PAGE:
Toronto’s Midnight Madness announces Kevin Smith, ‘The Guest,’ and a return to ‘[REC]’

Okay, I doubt Charles Bronson will be there, but if anyone could pull it off, Colin Geddes could.

There are few things I look forward to with more fervor each year than Toronto's Midnight Madness selection each year. Programmer Colin Geddes is not just a phenomenal ringleader, an instigator of a controlled cinema riot every single night of the festival, but he is also a tremendous friend, the sort of person who is a pleasure to bump into anywhere at any festival in the world.

Today, the announcement was made of his line-up, and my first reaction is, “I can vouch for some of those.” I really liked “The Guest” when I saw it at Sundance, and I think it's got one of the weirdest performances of the year in the form of Dan Stevens, previously best known for “Downton Abbey.” It's from the same team who brought you “You're Next,” and at this point, Simon Barrett and Adam Wingard are enjoying a somewhat unprecedented run of festival success. Between their work on the “V/H/S” films and this movie and “You're Next,” I feel like I can count on seeing them as invited guests at every single festival I attend. Which is fine… they keep bringing such fun things.

When I saw David Robert Mitchell's “It Follows” at Cannes, I thought it was effectively creepy. As I've chewed on it, what I like about it most is the way it sort of works as a highly moralistic teenage horror film (reading this as a warning about STDs is easy), but one that plays like a sweaty hallucination. It is well-acted, with a pretty tremendous scream queen all-timer of a performance from Maika Monroe.

The last of the films that I've already seen is “What We Do In The Shadows,” and again… I'm a big fan. It is a brutally funny movie, and about as genre-wise as any genre comedy I can name in the last five years. Jemaine Clement and Taika Waititi are both insane… not in a slangy way, either, but quite possibly deranged, and it just happens that if you bounce Clement's madness off of Waititi's, it's pretty much impossible for me to stop laughing. Scene for scene, shot for shot, joke for joke, this is the closest thing there is right now to the model for how to make a genre comedy.

Because Colin Geddes programmed it, and because I believe in miracles, I am going to break my promise that was contained in my “Red State” review. I am going to go see “Tusk,” and I'm certainly curious to see what Smith's been up to. It would be a delight to report that he is energized and doing something intriguing. I will be as open to it as I will to anything else that's playing at the festival. If you haven't seen the trailer yet, check it out:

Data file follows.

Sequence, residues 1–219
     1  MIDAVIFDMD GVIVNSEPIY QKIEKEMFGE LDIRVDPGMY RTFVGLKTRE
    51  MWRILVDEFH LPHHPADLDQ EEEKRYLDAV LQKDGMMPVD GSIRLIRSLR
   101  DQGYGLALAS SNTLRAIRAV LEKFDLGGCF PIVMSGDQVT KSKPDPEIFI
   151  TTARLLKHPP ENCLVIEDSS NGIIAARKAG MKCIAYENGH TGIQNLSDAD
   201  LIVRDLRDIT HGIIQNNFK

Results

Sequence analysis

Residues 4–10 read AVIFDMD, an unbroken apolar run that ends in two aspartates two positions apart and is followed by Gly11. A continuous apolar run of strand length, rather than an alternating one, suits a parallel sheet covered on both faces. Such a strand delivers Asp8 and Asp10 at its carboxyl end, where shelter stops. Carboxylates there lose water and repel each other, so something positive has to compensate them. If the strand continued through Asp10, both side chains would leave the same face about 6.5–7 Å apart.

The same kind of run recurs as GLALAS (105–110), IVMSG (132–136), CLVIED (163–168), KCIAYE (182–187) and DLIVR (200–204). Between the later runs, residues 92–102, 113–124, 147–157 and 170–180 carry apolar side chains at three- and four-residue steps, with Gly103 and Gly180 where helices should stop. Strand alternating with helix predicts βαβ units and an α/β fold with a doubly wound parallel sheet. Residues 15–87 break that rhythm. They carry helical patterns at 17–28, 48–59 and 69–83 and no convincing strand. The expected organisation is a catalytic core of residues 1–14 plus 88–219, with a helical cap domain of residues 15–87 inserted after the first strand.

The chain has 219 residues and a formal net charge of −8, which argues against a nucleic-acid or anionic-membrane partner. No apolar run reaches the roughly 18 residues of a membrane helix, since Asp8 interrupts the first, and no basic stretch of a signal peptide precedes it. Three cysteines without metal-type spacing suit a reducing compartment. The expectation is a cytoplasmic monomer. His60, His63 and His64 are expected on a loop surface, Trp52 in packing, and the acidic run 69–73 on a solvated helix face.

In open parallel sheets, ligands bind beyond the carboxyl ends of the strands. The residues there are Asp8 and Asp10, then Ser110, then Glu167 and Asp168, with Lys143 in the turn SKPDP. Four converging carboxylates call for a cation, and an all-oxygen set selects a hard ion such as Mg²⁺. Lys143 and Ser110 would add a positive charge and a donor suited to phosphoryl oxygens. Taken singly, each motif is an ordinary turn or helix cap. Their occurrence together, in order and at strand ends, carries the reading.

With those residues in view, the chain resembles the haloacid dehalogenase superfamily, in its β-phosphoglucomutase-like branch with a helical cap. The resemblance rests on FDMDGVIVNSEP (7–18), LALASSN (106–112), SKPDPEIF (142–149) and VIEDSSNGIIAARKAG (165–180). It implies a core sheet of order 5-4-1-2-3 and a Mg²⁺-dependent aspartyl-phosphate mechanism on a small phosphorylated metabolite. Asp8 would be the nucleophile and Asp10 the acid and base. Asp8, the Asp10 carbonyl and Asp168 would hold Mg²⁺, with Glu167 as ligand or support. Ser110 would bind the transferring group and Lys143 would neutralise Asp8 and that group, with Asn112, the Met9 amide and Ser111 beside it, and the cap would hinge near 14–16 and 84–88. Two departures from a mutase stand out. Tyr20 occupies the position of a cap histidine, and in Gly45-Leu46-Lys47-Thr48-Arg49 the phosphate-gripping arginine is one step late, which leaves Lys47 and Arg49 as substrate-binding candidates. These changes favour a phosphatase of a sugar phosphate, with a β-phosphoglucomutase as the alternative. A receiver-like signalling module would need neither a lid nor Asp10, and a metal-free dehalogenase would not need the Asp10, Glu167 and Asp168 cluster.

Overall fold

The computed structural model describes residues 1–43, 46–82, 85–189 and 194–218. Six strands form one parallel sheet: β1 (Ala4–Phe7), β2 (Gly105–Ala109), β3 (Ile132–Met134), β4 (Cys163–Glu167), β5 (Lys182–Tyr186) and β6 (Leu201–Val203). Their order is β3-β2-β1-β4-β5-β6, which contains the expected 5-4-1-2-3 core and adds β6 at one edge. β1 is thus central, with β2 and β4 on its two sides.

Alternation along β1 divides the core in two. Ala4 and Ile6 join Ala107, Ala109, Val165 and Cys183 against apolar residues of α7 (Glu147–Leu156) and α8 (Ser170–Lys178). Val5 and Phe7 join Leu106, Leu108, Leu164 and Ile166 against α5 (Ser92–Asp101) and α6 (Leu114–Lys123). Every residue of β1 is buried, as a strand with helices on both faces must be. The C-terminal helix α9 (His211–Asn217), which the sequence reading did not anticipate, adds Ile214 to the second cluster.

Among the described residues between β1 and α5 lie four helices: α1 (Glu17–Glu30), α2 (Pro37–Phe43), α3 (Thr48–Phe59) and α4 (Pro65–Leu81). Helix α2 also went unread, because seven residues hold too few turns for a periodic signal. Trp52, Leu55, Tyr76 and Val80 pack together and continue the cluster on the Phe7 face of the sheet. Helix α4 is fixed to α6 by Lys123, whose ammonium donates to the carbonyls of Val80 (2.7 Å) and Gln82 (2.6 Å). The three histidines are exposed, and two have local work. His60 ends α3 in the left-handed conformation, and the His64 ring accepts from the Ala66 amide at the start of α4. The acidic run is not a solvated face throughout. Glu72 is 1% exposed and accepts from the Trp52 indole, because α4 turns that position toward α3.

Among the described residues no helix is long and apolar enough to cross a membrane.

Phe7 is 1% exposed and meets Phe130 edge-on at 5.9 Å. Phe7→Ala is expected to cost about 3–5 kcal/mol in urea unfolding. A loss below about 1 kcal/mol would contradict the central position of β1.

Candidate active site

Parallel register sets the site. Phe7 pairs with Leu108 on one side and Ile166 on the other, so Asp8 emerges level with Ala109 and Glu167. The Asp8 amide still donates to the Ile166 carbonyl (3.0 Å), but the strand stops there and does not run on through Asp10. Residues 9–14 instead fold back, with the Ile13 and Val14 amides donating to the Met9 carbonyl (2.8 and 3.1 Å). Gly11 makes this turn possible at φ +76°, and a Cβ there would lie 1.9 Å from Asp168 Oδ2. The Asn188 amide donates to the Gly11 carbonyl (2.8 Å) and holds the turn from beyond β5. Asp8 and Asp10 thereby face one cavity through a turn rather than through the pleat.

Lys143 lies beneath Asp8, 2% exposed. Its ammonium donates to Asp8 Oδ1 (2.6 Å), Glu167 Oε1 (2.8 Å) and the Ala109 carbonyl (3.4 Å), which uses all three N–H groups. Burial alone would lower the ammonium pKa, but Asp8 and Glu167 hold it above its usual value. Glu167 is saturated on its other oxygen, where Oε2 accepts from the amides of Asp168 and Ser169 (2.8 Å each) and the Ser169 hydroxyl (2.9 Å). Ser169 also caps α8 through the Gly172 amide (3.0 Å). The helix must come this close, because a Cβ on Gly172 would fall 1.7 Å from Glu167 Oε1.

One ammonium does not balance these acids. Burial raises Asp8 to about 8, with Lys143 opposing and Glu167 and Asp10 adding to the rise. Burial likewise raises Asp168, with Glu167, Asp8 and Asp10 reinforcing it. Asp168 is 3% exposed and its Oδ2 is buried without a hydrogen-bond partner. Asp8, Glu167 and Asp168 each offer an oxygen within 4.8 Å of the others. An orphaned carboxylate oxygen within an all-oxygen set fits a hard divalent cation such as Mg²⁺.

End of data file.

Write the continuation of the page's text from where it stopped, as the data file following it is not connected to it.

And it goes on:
There's a very good chance that I may be more excited to see “Electric Boogaloo: The Wild, Untold Story Of Cannon Films” than I am to see anything else at Toronto this year, and I make no apologies. “Not Quite Hollywood” flattened me. It was such a great and energetic ride through an entire landscape of Australian exploitation film history, and director Mark Hartley made a movie, not just a clips reel. Telling the story of Cannon Film using clips and interviews sounds like a slam dunk even if it's just talking heads, which it won't be. Hartley's too good at what he does.

Sion Sono's been on fire lately. I think “Love Exposure” is the sort of film that makes a director permanently interesting, and even if he'd just made okay movies since, he'd still be a guy I paid attention to. “Cold Fish” is harrowing, though, “The Land Of Hope” is this startlingly grown-up left turn, “Guilty Of Romance” is a dark and freaky cop story, and “Why Don't You Play In Hell?” is… actually, describing that one is probably unfair. Suffice it to say, Sono hasn't been stuttering. He's made different films each time, and he approaches each of them like it's the only film he's ever going to get to make. “Tokyo Tribe,” his latest, is an adaptation of a big giant hit gangster manga, and I can't wait to see it on opening night.

Manuela Velasco's back? Then definitely count me in for “[REC] 4: Apocalypse.” Jaume Balaguero, who sat out the third film in the series, is back for this one, and it sounds like a direct sequel, picking up as Angel Vidal (Velasco) is rescued and taken to an oil tanker for debriefing. She may be carrying something now, though, something that is going to be very bad news for everyone else onboard, and yes… let's do that. I hope they wrap the series up with style.

That leaves two films that I don't have some firm idea about ahead of time, and there should always be room for discovery with a Midnight Madness line-up. “The Cub” is a Belgian film about what happens on a particularly bad Cub Scout camping trip, and “Big Game” is an English/German film about what happens when a 13 year old boy and the President end up engaged in a bizarre cat-and-mouse on a mountainside. That's all I know, and frankly, that's all I want to know.

It sounds like another great year for Colin and TIFF and Midnight Madness fans, and I'm going to be there covering all of it for you.

The 39th Toronto International Film Festival opens September 4 and runs to the 14th.